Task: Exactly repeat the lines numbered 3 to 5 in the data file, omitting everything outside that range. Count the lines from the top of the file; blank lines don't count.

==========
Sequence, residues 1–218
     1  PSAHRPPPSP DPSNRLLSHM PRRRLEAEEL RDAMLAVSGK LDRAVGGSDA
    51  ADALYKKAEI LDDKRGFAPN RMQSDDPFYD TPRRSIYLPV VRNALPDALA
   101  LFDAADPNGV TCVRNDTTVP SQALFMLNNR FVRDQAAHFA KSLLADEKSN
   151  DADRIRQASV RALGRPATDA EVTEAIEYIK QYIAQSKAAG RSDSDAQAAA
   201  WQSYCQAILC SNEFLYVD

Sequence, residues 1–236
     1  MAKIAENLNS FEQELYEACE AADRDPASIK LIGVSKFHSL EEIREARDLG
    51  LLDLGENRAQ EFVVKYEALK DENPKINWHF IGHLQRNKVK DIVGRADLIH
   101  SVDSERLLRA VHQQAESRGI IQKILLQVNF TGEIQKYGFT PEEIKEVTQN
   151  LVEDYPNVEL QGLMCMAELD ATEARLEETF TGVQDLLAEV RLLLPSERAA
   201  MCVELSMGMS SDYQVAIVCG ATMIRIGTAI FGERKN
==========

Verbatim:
    51  ADALYKKAEI LDDKRGFAPN RMQSDDPFYD TPRRSIYLPV VRNALPDALA
   101  LFDAADPNGV TCVRNDTTVP SQALFMLNNR FVRDQAAHFA KSLLADEKSN
   151  DADRIRQASV RALGRPATDA EVTEAIEYIK QYIAQSKAAG RSDSDAQAAA